This year's Under the Radar Theater Festival steps out of the black box. Throughout January, emerging theater companies from all over the world are performing shows at the Public Theater in New York. Three plays in particular piqued my interest:
"C'est du Chinois" is a play from the Hungarian-born director Edit Kaldor who resides in the Netherlands. The play is entirely in Mandarin save for the opening words in English, read off a page from a carefully selected (and likely embarrassed) audience member: "Thank you for your interest to learn Mandarin. It is a good investment of your time." The bulk of the play is essentially a light-hearted language tutorial. It begins with a pact -- the audience will be patient with the story, and in return, the actors are patient with our butchering their language as they teach it to us. With the houselights on, the atmosphere is communal and playful; I chuckled along at the cognates, and I eventually understood basic verbs and adjectives. At one point, the actors unloaded mounds of Hershey's bars from plastic bags to demonstrate the phrase "A lot of chocolate." But by the end of the play, I had to agree with the New York Times' review by Charles Isherwood: "I think I could say 'I love chocolate' in Mandarin, although I don't suppose the immediate future will make this a necessity. Beyond that, I fear I'd be back at square one."
In "Ganesh Versus the Third Reich," a play-within-a-play, a group of actors put on a show about an Indian diety's attempt to reclaim the swastika symbol from Hitler's Germany. Conceived by Australia's Back to Back Theater Company, the play is made up largely of disabled performers delivering scene-stealing deadpan humor. The Guardian named it one of the best performances of 2012, adding, "It was often very funny -- bubbling with joyful absurdity -- but the humour prickled at your conscience." Unfortunately, the play I saw wasn't as good as advertised. On one hand, the scenes where cast members rehearse the Ganesh play is both hilarious and moving. However, the director character's self-conscious proclamation claiming the audience has come to see a "freak show," soon dampened the mood. This made the audience appropriately uncomfortable, and seems increasingly out of place as the play continued to take on a moralistic tone.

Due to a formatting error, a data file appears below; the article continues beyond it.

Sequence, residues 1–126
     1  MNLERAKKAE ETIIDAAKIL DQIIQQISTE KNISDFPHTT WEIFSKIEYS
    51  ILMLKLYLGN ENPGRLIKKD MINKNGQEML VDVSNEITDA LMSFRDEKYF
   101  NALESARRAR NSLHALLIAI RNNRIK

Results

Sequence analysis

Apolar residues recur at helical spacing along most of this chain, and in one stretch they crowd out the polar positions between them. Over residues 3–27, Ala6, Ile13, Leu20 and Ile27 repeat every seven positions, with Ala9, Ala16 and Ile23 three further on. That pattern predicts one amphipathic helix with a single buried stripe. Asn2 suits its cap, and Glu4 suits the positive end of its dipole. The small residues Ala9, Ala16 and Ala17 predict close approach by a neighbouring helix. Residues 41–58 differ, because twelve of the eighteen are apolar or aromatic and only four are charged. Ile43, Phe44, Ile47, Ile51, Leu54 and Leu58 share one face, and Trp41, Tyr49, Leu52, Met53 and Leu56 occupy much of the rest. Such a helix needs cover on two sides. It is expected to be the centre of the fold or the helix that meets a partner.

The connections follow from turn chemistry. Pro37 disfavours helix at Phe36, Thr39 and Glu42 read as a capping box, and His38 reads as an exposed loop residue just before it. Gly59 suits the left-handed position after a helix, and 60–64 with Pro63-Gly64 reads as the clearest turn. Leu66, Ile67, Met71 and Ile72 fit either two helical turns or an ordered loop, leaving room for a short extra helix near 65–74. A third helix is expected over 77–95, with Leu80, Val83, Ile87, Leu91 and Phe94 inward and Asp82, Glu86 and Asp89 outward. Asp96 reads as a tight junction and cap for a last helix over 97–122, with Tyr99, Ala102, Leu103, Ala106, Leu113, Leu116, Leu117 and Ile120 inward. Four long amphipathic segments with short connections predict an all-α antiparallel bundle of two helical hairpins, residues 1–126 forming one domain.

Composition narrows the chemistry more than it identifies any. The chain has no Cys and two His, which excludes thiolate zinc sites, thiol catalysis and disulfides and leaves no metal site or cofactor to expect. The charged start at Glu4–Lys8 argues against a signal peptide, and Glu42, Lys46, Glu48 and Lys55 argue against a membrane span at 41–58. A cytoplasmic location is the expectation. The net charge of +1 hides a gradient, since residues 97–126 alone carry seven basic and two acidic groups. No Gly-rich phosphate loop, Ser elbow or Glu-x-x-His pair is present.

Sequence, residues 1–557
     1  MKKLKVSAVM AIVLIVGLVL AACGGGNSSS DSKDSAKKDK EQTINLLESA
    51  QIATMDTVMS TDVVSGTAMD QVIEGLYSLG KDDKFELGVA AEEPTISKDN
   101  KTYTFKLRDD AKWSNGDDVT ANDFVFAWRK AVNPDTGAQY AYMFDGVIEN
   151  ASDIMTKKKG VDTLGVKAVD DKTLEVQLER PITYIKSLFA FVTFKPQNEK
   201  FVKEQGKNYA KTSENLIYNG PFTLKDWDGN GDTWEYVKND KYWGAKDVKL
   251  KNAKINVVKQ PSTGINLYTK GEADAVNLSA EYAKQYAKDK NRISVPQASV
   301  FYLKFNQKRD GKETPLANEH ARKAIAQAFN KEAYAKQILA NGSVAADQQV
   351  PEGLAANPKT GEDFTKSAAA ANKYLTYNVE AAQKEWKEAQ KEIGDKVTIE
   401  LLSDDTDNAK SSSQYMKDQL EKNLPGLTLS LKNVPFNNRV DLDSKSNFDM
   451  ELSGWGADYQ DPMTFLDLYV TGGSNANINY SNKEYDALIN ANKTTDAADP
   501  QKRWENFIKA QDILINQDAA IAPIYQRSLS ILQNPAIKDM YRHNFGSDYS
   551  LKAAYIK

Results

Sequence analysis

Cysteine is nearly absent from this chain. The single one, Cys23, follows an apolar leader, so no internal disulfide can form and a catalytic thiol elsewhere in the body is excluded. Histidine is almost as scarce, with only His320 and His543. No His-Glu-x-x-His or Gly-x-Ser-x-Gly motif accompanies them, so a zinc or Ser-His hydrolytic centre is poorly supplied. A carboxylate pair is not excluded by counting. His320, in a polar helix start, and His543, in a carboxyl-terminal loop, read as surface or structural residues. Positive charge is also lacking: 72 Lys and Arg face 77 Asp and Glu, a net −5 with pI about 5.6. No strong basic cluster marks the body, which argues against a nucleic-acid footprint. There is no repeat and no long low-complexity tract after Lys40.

My favorite show of the festival was the complicated and brilliant "Zero Cost House," a collaboration by the Japanese director Toshiki Okada and Philadelphia's Pig Iron Theater Company. Like "Ganesh," the play is meta-theatrical. It tells the story of Okada's life, following him from his youth all the way to middle-age, introducing one of his early experimental plays along the way. Okada laughs along with us at the awful play's staging -- which features characters all dressed as rabbits -- and his youthful innocence overall. With all of this happening at once, it is impressive when the actors seamlessly switch from stage persona to biographical character, especially since everyone in Okada's cast is an American playing a Japanese person who doesn't speak English. The layers and cross-continental translations that weave through this arrangement allow for witty scenes, both comical and meaningful. It is impossible not to admire how the collaborators were able to pull it off.
Maybe the show had been fine-tuned for New York or maybe I was prepared for the 110 minutes without intermission, but I was not hampered by the slow speed of the play. Instead, I thought the director's work brought up important themes in art, particularly when the character of Okada is shown speaking to Henry David Thoreau. The Washington Post admires the play's ability "to pry open those provocative ideas about philosophy, politics and shelter." For me, Zero Cost House not only addressed these artistic paradoxes, but performed them well.
The festival runs Jan. 9 - 22 with additional performances of "Life and Times" until Feb. 2.